A hydrometer is used to measure which of the following quantities of a liquid?
A. Mass
B. Volume
C. Relative density
D. Temperature

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Hint: The quantity that it measures is sometimes referred to as specific gravity. This quantity does not have any units and is just a ratio. The device however uses the principle of fluid displacement to determine this quantity.

Complete answer:
Let us first define what a hydrometer is, what quantity it measures and how it does so.

A hydrometer is a sealed, hollow glass device that is used to measure the relative density or the specific gravity of a liquid and is based on the concept of buoyancy.

Relative density is the ratio of the density of a substance to the density of a given reference material. The reference material is what is filled in the weighted float.

The structure of the hydrometer consists of two parts:

(i)Calibrated stem: It is the part of the hydrometer from which we obtain the readings. The measuring scale is usually calibrated to the reference material in the float.
(ii)The float: It has a broad base to facilitate buoyancy, a ballast such as lead or mercury to maintain stability, and a weight that is filled inside the float, which is most often the reference material.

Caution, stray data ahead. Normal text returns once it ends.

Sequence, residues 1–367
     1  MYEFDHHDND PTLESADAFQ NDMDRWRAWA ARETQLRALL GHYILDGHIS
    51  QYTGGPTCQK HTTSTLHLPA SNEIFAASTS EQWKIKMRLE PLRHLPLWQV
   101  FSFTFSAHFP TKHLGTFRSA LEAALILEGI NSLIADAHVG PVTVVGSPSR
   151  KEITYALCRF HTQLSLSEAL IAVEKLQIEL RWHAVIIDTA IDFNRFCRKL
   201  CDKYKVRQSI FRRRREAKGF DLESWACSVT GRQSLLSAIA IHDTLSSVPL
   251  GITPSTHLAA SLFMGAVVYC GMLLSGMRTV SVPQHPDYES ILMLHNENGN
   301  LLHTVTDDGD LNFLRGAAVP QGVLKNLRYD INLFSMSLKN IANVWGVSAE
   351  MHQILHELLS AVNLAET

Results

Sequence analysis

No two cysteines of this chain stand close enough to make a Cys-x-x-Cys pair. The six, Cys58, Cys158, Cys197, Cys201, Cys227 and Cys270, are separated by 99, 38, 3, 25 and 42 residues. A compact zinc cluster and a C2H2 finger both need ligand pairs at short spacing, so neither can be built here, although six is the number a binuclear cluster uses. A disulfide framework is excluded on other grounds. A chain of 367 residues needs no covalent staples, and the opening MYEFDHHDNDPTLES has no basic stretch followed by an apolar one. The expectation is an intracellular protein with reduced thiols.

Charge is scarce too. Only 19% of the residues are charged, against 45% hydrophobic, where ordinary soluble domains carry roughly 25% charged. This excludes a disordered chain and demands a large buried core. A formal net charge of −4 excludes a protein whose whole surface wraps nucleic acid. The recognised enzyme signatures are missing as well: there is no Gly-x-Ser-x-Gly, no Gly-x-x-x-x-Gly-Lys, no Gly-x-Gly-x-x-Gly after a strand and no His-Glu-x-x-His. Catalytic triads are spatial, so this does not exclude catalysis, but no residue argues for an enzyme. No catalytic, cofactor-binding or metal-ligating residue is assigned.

Let us see how it works:

The fluid whose relative density we have to test is poured in a tall container and the hydrometer is gently lowered into the fluid until it is able to float freely by itself. The point at which the fluid surface touches the stem of the hydrometer is indicative of its relative density.
Therefore, a hydrometer sinks deeper in low-density liquids and less deep in high-density liquids.

So, the correct answer is “Option C”.

Note that ultimately, the hydrometer makes use of the Archimedes’ principle which says that an object immersed in a fluid experiences an upward buoyant force that is equal in magnitude to the weight of the displaced fluid. By observing the extent of this buoyancy, we are able to determine the relative density of the fluid.